by Kathryn Woodall, DC

Desk jockeys are notorious for 3 things:

  • low back pain
  • wrist problems
  • neck problems

Low back pain seems rather innocent. Just pop a few over-the-counter pain meds and you’re good to go, right?


Sure, you can knock the pain out, and maybe it’ll even stay gone for a while. But that’s kinda like removing the batteries from your smoke alarm so it stops that pesky beeping.

Years of sitting at a desk can lead to muscle stiffness, early joint degeneration, weak discs that herniate, and loss of function in your lower back. Indirectly, that lower back stuff can also lead to sore knees.

Those of you who’ve experienced intense lower back pain already know the impossibly long distance you have to bend to get your underwear from the floor to your waist. They just lie there in a smug little heap, mocking you, don’t they? You’ve also sat on the toilet and wondered exactly how you were going to be able to twist enough to use the paper. At times like that, you’d have sold your firstborn for a bidet. And speaking of children, you’ve probably also broken out in a cold sweat as some little kid that you love came hurtling at you with the intention of jumping into your arms. You said a silent prayer that you wouldn’t drop them or hurt them because of the pain, even as you shouted, “No!  Stop!

Some readers might have giggled at that last paragraph. But I bet it hit a little too close to home for others.

Even if the worst lower back discomfort you’ve ever experienced was feeling a bit stiff, why not do a few simple exercises a couple times a week to make sure your back stays healthy? Believe me, you’ll miss it when it’s “gone”…

If you’re already having back problems, and if your doctor says it’s okay for you to use the following exercises, you’ll benefit by doing them 1-3 times/day.

With all of these movements, never go to the point of pain. Mild discomfort is okay, but pain is bad and it means you should stop. You want the movement to be smooth and slow. Take your time with these. Quality is more important than cranking out reps.

At the office:

  • Use good posture. Sit with your feet flat on the floor, with the bend of your knee at or slightly greater than 90 degrees. Your torso should sit tall in your chair, with your shoulders back and head over your butt rather than sliding forward so it’s over your lap.
  • Chair lunges: scoot to the front of your chair, slide your right foot back until your knee is pointing at the floor, contract your right glute to open up your hip, and hold for 20-60 seconds. Repeat with the left leg.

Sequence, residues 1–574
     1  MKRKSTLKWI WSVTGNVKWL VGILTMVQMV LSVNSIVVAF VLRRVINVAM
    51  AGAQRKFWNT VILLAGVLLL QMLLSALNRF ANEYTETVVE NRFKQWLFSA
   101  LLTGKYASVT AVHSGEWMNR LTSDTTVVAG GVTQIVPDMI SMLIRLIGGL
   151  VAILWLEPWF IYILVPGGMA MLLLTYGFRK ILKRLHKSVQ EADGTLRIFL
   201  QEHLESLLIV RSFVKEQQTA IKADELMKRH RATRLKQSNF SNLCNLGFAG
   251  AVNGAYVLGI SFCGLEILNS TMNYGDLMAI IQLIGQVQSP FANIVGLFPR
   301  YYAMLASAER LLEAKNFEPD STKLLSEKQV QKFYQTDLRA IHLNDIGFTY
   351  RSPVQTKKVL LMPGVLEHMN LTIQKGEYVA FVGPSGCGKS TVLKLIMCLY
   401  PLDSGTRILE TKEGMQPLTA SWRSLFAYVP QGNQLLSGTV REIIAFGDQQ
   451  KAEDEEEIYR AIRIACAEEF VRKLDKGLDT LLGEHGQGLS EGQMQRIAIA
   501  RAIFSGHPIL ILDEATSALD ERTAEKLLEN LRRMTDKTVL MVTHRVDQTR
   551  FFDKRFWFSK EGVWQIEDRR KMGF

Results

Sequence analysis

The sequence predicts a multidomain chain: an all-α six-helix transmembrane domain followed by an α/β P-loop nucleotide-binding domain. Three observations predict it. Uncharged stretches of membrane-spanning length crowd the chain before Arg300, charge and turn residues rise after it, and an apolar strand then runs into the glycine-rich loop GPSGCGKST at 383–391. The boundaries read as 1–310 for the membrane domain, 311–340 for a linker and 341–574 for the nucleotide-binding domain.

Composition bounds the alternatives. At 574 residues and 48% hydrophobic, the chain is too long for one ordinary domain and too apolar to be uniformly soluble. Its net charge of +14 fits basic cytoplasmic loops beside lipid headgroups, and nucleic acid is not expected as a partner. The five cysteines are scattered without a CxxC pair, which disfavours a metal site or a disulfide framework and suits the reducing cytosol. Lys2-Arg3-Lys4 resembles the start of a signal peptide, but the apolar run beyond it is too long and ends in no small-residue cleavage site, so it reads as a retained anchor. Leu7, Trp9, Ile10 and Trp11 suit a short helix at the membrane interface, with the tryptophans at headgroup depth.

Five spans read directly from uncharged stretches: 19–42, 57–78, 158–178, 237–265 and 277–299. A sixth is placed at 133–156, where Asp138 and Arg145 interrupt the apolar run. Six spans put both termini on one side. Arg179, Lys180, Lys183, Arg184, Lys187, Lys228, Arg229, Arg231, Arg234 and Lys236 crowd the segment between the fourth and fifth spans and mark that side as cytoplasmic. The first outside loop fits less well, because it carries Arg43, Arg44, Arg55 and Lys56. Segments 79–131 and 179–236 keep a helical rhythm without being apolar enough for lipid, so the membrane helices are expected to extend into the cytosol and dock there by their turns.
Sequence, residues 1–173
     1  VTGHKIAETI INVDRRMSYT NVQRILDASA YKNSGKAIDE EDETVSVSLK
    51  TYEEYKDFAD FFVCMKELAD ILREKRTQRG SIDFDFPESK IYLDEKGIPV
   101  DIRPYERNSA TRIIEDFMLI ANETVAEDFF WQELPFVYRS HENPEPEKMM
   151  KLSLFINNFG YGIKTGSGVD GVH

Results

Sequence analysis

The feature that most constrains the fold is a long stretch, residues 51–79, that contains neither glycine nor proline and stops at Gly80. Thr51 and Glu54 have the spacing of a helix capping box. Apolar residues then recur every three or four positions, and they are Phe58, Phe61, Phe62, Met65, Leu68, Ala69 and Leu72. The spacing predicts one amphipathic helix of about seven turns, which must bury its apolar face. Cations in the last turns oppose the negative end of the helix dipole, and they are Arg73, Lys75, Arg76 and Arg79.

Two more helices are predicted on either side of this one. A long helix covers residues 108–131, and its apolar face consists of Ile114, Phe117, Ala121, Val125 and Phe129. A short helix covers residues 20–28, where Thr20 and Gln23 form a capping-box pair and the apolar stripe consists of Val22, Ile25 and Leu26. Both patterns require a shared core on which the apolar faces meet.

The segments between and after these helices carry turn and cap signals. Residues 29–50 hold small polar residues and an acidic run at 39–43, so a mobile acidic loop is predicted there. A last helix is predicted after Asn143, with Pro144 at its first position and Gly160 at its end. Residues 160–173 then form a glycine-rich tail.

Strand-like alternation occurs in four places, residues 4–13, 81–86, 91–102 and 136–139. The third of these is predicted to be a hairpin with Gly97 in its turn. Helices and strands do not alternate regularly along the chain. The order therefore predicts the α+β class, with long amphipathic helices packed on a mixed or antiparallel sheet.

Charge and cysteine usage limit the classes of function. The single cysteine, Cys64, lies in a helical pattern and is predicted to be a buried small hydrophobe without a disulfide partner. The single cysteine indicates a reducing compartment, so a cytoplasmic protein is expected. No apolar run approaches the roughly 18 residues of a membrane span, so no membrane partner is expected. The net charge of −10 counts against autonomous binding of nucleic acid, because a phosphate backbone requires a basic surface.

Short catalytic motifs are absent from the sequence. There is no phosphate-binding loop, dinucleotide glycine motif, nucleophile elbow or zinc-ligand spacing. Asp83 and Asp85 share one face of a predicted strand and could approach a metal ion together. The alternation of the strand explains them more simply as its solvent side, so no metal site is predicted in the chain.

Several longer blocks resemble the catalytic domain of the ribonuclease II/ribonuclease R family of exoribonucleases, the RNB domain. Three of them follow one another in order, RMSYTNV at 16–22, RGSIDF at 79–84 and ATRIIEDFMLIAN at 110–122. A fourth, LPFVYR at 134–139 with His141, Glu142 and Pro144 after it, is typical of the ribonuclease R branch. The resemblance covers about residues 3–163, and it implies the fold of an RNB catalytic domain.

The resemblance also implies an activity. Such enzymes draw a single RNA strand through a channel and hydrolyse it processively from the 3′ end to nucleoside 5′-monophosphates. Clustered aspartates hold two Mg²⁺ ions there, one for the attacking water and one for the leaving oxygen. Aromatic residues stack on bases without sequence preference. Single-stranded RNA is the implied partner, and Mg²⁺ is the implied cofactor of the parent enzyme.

• Set a reminder to go off at least once each hour. When the alarm goes off, get up and move. Go to the toilet, get a drink, bend side to side, bend forward and back… You get the idea. Just move!
  • While sitting with good posture, lean to your right and then your left as far as you comfortably can. Hold each side for 20-60 seconds while breathing comfortably.
  • While sitting with good posture, rotate to your right and then your left; hold each side for 20-60 seconds while breathing comfortably.  **Do NOT hold your chair arms in an effort to twist, yank, or otherwise add force to this motion. You just want to go as far as you can on your own, and without pain.

At home (or at least in private):

  • Practice swinging an imaginary hula hoop.
  • Trace figure-8’s with your butt. This might cause you and anyone who sees you to giggle, but you’ll be impressed with how much it helps decrease low back stiffness.
  • Perform this sequence: Kneeling Lunge—Plank—Opposite Side Kneeling Lunge—Side Plank—Opposite Side Plank— Superman. (see the video below) This little series of exercises will open your hips and improve your core strength.

This short video provides a demo of the “at home” movement sequence:

Don’t let lower back pain keep you out of the race.  After all, part of the reason you put in so many hours as a desk jockey is to be able to get out there and enjoy playing too.

Watch out for my next post. I’ll be addressing wrist pain and that miserable burning repetitive strain that spreads up your forearms.

(As always, check with your doctor to make sure the advice in this article is relevant and safe for you.)


Kathryn Woodall ran a private health care practice for 15 years. She is the creator and co-author of the Million Dollar Exercise joint pain and mobility program.